“Light,” Ensign, July 1988, 64


Honorable Mention

The lampglow

on my daughter’s blonde hair

forms a halo

where she reads across the table,

the grain of oakwood between us

spiraled like galaxies and polished

to hold the light.

To hold the light

in these late hours we have our lamps

and books. She reads from a New Testament

and I from The Art of Rembrandt,

his paintings have drawn me

by their use of light and shadow:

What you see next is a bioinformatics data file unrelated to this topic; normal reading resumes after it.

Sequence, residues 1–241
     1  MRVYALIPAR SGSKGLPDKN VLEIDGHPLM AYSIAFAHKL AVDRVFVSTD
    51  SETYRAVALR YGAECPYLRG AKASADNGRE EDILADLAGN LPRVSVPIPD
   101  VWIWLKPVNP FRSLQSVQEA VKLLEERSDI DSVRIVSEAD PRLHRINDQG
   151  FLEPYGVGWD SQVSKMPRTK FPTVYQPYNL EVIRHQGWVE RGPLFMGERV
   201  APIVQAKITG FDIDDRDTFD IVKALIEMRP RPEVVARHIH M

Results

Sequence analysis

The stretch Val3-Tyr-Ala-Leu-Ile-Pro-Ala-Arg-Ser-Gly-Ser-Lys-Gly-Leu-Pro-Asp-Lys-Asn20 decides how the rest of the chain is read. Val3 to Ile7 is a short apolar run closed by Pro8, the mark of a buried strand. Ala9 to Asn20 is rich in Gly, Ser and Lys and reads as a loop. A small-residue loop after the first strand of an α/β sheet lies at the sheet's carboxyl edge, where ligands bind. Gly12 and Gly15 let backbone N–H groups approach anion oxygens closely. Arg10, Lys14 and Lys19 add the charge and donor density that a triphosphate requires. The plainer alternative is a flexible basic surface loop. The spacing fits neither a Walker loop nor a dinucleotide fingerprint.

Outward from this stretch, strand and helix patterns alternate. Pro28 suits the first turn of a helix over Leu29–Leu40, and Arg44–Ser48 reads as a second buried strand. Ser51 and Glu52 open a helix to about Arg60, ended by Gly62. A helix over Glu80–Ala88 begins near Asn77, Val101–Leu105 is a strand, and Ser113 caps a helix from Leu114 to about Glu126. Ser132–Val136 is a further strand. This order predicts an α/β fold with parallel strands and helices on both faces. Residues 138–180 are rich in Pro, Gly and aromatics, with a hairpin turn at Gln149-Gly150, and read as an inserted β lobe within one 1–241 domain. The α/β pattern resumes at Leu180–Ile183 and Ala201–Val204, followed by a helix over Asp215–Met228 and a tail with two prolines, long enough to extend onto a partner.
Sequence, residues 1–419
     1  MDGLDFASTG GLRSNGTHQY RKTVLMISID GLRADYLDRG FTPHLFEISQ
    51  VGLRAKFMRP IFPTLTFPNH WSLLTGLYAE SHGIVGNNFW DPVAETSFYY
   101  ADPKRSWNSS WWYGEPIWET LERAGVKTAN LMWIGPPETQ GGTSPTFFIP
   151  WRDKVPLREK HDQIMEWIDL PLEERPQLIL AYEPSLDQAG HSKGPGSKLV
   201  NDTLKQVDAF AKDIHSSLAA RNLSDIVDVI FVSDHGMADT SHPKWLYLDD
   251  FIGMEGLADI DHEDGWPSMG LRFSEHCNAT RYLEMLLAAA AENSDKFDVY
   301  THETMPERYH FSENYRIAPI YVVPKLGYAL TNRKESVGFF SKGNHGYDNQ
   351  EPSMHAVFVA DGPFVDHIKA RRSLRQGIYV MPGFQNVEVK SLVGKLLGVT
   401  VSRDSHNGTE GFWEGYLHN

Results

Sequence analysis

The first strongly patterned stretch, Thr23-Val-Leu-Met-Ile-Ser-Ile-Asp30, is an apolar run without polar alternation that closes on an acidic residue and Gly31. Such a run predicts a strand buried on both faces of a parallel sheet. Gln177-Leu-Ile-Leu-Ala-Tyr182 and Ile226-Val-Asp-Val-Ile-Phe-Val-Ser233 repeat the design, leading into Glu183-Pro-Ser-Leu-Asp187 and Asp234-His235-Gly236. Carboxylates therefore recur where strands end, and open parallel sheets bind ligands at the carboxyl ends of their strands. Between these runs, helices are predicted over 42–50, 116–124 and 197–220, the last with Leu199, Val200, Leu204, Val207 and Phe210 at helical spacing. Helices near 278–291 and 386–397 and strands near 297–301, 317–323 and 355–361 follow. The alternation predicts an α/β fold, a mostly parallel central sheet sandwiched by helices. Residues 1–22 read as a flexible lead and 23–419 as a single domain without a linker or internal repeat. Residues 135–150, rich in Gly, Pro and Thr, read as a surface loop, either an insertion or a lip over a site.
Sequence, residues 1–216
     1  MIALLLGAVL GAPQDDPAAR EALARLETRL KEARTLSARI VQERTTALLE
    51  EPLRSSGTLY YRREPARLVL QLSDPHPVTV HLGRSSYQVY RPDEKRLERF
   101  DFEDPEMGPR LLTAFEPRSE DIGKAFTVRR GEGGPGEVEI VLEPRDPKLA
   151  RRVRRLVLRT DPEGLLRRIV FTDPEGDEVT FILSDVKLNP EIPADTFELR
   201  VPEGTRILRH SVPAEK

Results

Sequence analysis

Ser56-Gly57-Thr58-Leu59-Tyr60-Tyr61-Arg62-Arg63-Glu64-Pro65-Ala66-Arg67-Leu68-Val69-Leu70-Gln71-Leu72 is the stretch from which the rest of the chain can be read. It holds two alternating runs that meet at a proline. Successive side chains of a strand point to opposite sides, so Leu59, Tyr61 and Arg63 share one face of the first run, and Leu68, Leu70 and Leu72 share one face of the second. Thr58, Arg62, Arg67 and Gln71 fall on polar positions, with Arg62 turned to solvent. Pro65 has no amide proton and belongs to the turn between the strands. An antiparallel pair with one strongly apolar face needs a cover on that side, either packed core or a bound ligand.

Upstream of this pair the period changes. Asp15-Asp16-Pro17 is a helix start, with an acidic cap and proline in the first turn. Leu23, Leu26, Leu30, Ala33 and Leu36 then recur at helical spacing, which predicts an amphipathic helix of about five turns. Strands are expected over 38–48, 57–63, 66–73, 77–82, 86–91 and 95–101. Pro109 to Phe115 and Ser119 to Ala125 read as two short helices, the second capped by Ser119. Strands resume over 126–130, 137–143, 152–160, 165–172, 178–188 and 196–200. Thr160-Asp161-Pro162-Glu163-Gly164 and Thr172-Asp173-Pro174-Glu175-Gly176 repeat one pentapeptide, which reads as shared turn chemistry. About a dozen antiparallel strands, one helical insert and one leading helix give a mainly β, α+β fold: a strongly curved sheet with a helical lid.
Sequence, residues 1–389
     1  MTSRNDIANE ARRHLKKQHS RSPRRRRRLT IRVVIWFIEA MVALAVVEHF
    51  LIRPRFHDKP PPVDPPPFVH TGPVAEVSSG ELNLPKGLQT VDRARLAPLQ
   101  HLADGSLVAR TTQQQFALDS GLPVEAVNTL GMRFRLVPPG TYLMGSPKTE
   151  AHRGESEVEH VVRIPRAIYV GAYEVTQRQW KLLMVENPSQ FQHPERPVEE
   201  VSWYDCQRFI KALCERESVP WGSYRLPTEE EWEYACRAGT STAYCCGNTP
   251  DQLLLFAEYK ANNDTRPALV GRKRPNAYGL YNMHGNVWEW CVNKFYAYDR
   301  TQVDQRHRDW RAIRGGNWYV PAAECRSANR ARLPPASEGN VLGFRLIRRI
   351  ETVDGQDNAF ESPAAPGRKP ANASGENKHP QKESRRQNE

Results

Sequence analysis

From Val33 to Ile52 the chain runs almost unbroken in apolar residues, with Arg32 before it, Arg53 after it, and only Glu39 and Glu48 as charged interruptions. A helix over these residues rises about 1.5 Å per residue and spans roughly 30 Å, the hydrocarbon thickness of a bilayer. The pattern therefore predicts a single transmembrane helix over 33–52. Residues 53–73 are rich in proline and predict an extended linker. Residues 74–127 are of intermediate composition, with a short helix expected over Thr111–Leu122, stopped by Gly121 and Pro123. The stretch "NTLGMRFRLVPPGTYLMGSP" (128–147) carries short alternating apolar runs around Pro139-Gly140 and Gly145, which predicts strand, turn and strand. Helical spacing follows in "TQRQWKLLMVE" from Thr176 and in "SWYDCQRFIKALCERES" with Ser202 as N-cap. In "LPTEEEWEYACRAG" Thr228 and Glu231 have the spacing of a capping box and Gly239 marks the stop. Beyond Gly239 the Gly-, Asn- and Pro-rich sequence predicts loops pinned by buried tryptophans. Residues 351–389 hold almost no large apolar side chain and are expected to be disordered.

Aristotle, Christ, Jacob Blessing

the Sons of Joseph—always

the light coming from the right,

“… man’s more sacred side.”

“Man’s more sacred side.”

Is that what we fail as we hurl ourselves

through life? In the portraits

of Rembrandt, the light honors

what is human and what is God-like,

accepting a place where they meet,

his later biblical paintings

all completed, uncommissioned,

out of his own need.

Out of our own need,

in this Sabbath between the closing leaves

of prayer plants and the pale

blossoming of sleep, we read,

my daughter and I,

finding again the Word …